The biopharma sprint toward production of a safe and effective COVID-19 vaccine has everyone’s attention. Some experts predict one of two vaccine producers will be first to reach the finish line: Sanofi-GSK with its Sars-CoV vaccine or Janssen Pharmaceutical (a subsidiary of Johnson & Johnson) with its AdVac vaccine. Careful analysis of the respective production platforms of these COVID-19 vaccine candidates exposes their moral disparity. Sanofi-GSK produces their vaccine using a modified virus cultivated on insect cells. No moral difficulty here. The Janssen vaccine, on the other hand, uses a modified virus cultured on PER C6 cell lines developed from retinal tissue of an 18-week-old, intentionally aborted, baby. Definite moral problem there. By exploiting preborn life and violating the dignity of fetal remains, the production matrix of the Janssen vaccine lacks the moral integrity that should be at the heart of scientific excellence.
Using an abortion-dependent vaccine and cooperation in evil
So, a person interested in doing good and avoiding evil might ask: if the first vaccine to pass safety and efficacy issues were produced within an abortion-dependent platform, would it be morally licit to use it? As if on cue, Ted, a solid pro-lifer who’s very good at anticipating moral dilemmas, called my office recently and posed that very question: would it be morally acceptable for me to be vaccinated with a COVID-19 vaccine (like the Janssen vaccine, for instance) when its production employs fetal cell lines derived from voluntarily aborted fetal tissue? In other words, would my act of using a vaccine like the one produced by Janssen Pharmaceutical implicate me in the evil act of abortion?
My response to Ted relied on the Church’s guidelines on using abortion-dependent vaccines from the Pontifical Academy for Life (Moral Reflections on Vaccines Prepared from Cells Derived from Aborted Human Fetuses, 2005) and on the instruction from the Congregation for the Doctrine of Faith (Dignitas Personae, 2008). I framed my analysis of Ted’s question within this hypothetical scenario: the abortion-dependent Janssen vaccine is the COVID-19 “winner,” and Ted has already been vaccinated.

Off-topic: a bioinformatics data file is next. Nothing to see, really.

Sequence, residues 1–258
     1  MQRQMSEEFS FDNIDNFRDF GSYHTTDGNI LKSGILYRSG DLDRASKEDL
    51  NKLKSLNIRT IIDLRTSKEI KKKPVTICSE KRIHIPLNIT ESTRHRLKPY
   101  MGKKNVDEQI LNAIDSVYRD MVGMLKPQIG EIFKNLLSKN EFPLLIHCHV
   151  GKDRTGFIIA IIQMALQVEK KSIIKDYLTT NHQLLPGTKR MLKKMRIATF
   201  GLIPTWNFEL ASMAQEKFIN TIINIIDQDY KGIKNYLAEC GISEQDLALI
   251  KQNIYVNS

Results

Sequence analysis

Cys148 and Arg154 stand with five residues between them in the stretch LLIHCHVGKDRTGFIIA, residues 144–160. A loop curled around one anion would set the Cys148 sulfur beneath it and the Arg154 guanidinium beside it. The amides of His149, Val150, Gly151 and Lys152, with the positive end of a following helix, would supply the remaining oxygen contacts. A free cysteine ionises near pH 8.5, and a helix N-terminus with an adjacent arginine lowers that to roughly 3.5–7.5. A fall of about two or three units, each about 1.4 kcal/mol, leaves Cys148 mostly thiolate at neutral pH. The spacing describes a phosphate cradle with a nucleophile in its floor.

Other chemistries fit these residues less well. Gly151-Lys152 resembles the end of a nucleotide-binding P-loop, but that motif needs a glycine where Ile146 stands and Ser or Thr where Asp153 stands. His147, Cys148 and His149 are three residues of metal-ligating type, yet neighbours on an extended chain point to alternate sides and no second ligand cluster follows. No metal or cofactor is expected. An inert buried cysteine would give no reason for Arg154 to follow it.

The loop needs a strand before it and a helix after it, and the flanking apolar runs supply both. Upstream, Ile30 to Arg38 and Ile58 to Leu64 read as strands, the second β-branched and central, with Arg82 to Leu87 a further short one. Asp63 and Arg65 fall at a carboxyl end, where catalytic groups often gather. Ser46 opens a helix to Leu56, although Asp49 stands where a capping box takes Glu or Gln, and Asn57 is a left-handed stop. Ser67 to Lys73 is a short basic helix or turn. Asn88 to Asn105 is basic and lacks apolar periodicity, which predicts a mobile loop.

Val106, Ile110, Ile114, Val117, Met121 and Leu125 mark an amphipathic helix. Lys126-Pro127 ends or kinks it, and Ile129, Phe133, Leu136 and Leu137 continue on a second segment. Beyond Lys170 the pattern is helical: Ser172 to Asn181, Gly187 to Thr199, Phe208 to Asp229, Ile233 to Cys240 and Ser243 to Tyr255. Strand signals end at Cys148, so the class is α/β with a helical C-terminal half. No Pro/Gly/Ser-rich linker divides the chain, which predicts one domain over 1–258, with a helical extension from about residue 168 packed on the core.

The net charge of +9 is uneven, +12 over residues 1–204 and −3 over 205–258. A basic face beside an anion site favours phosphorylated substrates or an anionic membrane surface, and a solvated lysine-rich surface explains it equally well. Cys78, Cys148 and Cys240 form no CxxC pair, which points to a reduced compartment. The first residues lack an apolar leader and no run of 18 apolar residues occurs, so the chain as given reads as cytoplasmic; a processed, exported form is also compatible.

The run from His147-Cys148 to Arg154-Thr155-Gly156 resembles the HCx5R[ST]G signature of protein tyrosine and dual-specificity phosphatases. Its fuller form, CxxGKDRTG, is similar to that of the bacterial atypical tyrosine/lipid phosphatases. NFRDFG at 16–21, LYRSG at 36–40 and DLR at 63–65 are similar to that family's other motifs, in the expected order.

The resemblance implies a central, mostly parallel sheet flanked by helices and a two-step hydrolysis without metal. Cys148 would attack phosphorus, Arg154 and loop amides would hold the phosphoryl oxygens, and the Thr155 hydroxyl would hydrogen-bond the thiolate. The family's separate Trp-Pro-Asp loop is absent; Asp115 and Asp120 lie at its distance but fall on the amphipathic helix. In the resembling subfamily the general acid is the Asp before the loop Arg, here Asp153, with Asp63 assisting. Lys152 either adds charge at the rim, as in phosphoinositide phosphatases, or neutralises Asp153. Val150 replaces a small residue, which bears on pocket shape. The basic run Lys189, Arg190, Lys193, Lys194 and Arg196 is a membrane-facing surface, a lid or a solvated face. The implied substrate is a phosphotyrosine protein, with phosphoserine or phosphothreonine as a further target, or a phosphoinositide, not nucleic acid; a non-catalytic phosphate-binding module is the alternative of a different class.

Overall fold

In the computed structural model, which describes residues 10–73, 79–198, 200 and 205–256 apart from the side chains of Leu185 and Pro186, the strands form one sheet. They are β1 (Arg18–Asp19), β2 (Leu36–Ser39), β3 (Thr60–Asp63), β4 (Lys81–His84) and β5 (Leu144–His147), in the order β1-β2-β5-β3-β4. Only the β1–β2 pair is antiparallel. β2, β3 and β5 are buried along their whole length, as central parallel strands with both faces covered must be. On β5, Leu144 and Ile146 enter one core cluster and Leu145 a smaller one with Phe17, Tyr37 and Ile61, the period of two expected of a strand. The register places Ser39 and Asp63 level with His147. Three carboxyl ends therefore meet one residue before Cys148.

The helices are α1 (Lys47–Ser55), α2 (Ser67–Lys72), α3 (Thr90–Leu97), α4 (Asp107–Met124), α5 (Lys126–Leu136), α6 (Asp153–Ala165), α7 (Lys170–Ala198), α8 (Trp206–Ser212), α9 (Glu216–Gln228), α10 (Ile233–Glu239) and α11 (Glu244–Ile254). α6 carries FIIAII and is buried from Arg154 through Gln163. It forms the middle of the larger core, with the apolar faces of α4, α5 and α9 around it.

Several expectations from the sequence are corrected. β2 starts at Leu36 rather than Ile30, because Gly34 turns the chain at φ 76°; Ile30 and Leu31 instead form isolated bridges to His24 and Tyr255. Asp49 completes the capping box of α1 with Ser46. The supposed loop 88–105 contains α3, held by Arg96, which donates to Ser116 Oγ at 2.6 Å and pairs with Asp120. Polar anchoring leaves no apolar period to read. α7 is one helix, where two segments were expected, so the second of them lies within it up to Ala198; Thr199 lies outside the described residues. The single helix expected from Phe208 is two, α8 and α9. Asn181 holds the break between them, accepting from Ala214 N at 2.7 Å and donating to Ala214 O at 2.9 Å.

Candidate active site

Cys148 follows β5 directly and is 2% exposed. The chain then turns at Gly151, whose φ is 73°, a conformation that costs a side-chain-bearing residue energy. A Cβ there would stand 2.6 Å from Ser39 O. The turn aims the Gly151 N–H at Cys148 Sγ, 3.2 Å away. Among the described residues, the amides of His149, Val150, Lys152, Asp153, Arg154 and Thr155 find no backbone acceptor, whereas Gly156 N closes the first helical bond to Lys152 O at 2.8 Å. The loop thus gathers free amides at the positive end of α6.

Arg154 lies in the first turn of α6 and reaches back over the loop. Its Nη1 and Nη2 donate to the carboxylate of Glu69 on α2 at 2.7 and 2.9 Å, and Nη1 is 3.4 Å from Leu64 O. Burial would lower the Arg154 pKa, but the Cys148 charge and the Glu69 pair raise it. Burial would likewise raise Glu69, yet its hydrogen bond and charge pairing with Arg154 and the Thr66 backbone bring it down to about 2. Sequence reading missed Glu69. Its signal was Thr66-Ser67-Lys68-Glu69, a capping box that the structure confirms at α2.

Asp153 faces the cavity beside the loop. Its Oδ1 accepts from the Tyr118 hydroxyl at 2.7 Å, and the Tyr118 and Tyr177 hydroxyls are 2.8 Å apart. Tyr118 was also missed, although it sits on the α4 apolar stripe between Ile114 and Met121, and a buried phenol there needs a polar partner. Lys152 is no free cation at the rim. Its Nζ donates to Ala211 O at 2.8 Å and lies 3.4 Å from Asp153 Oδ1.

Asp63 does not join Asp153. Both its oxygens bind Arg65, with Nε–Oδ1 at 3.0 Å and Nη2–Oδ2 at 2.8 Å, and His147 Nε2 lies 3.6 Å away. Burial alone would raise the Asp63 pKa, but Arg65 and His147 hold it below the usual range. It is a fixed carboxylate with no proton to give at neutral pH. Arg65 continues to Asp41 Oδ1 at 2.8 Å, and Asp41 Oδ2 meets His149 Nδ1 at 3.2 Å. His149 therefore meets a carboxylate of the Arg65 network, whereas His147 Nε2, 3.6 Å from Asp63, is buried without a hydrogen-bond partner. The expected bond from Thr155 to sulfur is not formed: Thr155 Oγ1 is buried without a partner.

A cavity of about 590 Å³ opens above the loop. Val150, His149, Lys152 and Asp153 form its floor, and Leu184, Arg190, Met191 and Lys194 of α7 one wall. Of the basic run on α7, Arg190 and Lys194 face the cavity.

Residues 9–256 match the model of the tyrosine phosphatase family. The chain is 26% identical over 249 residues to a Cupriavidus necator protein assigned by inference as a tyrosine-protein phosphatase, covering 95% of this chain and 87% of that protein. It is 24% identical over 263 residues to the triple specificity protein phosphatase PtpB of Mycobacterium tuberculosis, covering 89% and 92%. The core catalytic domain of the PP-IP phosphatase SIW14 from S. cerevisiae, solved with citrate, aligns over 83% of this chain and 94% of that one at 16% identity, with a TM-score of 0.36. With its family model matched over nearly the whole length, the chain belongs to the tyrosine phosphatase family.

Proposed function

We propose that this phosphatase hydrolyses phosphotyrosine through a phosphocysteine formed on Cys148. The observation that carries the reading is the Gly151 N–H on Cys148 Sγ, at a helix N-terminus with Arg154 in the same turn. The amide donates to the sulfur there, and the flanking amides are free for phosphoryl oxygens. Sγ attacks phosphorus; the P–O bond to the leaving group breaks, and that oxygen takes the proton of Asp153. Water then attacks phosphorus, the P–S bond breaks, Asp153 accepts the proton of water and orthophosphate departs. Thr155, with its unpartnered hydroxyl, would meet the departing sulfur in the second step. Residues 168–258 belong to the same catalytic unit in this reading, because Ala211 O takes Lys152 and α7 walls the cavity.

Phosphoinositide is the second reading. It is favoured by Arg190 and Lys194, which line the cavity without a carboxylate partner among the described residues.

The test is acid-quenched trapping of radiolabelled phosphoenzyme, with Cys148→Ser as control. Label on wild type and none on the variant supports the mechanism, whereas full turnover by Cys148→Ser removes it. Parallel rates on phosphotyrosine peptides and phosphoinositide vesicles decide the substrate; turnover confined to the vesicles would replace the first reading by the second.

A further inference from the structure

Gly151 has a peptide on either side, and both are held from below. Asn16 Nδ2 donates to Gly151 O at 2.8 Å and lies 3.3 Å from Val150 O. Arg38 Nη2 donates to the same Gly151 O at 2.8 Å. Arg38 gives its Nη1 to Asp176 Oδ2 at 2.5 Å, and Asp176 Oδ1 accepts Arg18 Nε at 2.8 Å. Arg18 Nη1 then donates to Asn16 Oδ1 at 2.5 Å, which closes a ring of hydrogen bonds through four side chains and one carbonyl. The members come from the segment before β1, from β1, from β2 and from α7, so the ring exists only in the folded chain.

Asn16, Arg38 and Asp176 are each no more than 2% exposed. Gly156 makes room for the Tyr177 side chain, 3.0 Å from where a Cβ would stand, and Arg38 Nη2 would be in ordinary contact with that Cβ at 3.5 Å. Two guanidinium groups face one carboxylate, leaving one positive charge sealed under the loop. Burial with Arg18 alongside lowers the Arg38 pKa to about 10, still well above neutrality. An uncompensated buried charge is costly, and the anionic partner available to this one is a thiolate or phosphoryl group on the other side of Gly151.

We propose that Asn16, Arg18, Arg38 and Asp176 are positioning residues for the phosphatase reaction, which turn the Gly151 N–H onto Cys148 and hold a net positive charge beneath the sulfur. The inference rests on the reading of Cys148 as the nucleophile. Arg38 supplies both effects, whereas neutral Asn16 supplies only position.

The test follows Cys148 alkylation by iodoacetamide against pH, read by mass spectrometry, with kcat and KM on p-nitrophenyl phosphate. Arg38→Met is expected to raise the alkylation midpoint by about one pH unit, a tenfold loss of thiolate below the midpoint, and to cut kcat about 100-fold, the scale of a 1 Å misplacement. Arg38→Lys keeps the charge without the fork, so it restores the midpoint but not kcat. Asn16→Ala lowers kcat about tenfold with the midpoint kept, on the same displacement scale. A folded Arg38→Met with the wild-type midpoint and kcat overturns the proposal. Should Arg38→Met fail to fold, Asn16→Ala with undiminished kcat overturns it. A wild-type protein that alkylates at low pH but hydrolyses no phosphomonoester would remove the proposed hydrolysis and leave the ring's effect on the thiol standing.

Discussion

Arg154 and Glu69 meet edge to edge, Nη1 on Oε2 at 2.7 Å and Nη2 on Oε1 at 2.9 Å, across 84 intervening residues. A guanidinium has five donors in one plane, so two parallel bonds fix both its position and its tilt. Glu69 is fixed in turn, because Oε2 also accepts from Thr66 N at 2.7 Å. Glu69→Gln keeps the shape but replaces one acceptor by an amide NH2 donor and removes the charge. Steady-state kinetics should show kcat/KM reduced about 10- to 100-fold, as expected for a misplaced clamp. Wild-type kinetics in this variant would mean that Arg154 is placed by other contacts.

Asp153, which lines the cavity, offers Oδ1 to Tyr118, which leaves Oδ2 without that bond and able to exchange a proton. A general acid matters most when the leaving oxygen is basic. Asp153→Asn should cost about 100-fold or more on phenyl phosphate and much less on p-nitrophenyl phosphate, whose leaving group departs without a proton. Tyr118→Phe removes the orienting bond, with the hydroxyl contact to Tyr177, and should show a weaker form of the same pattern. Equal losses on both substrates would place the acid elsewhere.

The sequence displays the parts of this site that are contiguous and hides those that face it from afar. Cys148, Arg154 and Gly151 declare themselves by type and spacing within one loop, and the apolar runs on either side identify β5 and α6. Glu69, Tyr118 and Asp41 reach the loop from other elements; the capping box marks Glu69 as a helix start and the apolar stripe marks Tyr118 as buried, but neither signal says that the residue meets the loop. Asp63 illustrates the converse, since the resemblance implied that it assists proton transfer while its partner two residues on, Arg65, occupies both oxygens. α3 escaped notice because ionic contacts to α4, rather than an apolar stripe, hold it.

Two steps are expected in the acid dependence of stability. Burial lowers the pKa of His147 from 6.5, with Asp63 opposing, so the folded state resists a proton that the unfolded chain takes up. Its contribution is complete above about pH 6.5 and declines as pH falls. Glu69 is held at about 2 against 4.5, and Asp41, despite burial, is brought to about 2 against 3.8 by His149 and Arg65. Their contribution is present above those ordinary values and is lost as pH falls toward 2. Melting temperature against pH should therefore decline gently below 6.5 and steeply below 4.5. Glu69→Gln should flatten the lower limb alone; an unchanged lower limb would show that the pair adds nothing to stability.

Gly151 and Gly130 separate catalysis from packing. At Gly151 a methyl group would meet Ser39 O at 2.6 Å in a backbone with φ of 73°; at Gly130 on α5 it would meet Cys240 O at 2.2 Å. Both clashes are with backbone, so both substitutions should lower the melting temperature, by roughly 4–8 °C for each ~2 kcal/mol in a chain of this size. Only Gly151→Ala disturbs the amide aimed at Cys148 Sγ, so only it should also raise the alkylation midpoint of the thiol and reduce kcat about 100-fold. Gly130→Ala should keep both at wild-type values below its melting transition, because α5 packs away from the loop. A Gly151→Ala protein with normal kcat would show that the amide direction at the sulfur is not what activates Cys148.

First, I defined basic terms. The two parties brought together by an act of cooperation in evil are the wrongdoer and the cooperator. In this case, the woman who voluntarily had the abortion and subsequently donated her dead baby’s tissue to research is the wrongdoer. Ted is the cooperator—the one who, through his act of getting the Janssen vaccine, is brought into cooperation with the evil of the wrongdoer’s act of abortion.
Second, I explained the moral difference between two levels of cooperation, formal and material. Ted’s vaccination would be formal cooperation in evil if, in getting it, he concurred with the woman’s bad will, that is, in her bad intention to abort her baby. But Ted made it abundantly clear that what he intends in getting the COVID-19 vaccine is the specific goods of personal and societal health that come from protection from COVID-19 and suppression of its spread. Since using the Janssen vaccine is the only means by which Ted can accomplish the good he intends (there’s no moral alternative available), he merely tolerates the associated evil of abortion. Therefore, Ted is not cooperating formally (illicitly) in the wrongdoer’s act of abortion because rather than concurring in, or praising or supporting, the injustice of the act of abortion, he simply tolerates it. Ted is a material (or licit) cooperator in the evil of abortion since he is involved with the abortion for a good purpose and with a good means.
In sum, while Ted’s connection to the abortion is only contingent or accidental to its performance, and has little or no chance of provoking scandal (most people have no idea the Janssen vaccine relies on aborted fetal cell lines), Ted is cooperating in the evil of the wrongdoer’s act of abortion only materially, that is, nondirectly or mediately. Moreover, Ted can be confident he is cooperating in a morally licit way because his act of getting vaccinated is far removed, both temporally and morally, from the wrongdoer’s act of abortion performed in 1985.
The duty to denounce immoral vaccines and promote moral alternatives
In my discussion with Ted, I reiterated that availing himself of an abortion-based COVID-19 vaccine is a morally legitimate form of cooperation in evil and, therefore, something Ted had a right to do. Nevertheless, he must never lose sight of the fact that production of vaccines from aborted fetal cell lines represents an unconscionable exploitation of aborted babies.